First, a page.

Kaymer and McDowell lead the way
MARTIN KAYMER has become one of the most formidable competitors in world sport. Last Thursday, for example, the 25-year-old's focus appeared as impenetrable as that of Michael Schumacher as he stared down his Race to Dubai rival Graeme McDowell on the Earth Course.
And Kaymer's natural talent and the joy he derives from his sport is also reminiscent of Germany's current Formula One world champion Sebastian Vettel.
It shone on Sunday evening as Europe's new No 1 outlined his wish-list for next season.
"I'd like to prove I'm Europe's No 1, take that challenge on again and win the Race to Dubai," he said.
"It'd be nice to win a Major again, preferably the British Open, our only one in Europe -- and I've never made a hole-in-one, that'd be nice in 2011."
He could have been a kid dictating his letter to Santa.
Kaymer is the hottest golfer on the planet, but he's not thinking of world No 1 right now.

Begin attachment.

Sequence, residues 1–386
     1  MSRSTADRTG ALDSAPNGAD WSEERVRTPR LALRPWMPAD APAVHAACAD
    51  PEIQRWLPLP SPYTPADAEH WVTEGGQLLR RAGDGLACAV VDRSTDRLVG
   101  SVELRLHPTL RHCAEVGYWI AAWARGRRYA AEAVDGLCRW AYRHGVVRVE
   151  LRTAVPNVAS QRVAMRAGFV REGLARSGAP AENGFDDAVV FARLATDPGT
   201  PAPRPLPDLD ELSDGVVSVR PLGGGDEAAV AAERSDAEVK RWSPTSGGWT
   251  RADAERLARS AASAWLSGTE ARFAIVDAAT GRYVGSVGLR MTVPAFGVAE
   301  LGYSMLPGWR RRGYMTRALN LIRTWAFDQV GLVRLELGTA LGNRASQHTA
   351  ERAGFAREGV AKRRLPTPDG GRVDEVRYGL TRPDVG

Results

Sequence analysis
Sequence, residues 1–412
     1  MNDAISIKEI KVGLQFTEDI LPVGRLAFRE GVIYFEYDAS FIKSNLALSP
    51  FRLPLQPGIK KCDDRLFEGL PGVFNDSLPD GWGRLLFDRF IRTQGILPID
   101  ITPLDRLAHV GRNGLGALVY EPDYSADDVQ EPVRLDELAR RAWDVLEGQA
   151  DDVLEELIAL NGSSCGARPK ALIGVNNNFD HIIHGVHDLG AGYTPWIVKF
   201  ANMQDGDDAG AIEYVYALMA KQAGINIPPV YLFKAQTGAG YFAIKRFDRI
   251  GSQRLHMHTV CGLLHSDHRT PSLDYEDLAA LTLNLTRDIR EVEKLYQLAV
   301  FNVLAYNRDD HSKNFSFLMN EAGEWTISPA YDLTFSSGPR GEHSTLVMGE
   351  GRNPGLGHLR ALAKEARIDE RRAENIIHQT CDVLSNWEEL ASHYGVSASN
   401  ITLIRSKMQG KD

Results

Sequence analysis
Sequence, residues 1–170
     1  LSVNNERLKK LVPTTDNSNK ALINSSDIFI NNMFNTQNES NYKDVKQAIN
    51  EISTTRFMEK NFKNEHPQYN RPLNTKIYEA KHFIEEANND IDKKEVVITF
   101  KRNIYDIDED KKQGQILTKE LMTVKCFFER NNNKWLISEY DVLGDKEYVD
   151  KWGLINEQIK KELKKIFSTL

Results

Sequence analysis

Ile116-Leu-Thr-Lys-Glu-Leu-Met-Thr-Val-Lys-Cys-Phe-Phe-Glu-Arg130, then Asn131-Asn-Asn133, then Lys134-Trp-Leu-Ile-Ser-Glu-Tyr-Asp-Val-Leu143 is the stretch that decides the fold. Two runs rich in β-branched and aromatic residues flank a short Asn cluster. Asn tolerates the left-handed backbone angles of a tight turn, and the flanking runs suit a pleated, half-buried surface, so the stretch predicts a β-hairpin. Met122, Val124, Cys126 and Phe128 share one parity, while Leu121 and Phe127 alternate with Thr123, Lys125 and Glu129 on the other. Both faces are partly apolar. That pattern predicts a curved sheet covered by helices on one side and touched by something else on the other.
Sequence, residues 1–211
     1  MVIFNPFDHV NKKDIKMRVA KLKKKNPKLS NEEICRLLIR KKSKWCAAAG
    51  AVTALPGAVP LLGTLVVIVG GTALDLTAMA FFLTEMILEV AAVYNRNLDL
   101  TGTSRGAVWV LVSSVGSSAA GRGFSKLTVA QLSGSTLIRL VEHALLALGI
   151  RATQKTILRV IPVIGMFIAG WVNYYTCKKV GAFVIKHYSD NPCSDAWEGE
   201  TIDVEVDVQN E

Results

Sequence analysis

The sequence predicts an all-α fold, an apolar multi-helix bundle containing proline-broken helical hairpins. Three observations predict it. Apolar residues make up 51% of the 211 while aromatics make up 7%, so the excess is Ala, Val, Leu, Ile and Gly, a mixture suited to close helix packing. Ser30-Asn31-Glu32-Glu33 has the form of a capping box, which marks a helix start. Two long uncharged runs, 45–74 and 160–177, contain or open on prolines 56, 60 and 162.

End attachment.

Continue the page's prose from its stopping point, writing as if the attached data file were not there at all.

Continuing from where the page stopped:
That's Graeme McDowell's target, which the hard-driving Portrush man believes he can achieve by improving his short game.
"From 75 yards in, I know I'm not a world-class player and need to become better from that area," McDowell explained. "I'd probably give myself five out of 10 right now, but I need to become an eight or nine out of 10."
You see, the sky's the limit for a new generation of young golf professionals as a wave of ambition, optimism and adventure has filled the vacuum left by Tiger Woods' implosion. Woods was golf's great dictator.
"He looked pretty untouchable, pretty invincible and we were all playing for second, really," said McDowell.
Well, not anymore. A new, more exciting era has dawned in golf and guys like Kaymer and McDowell are best placed to take advantage.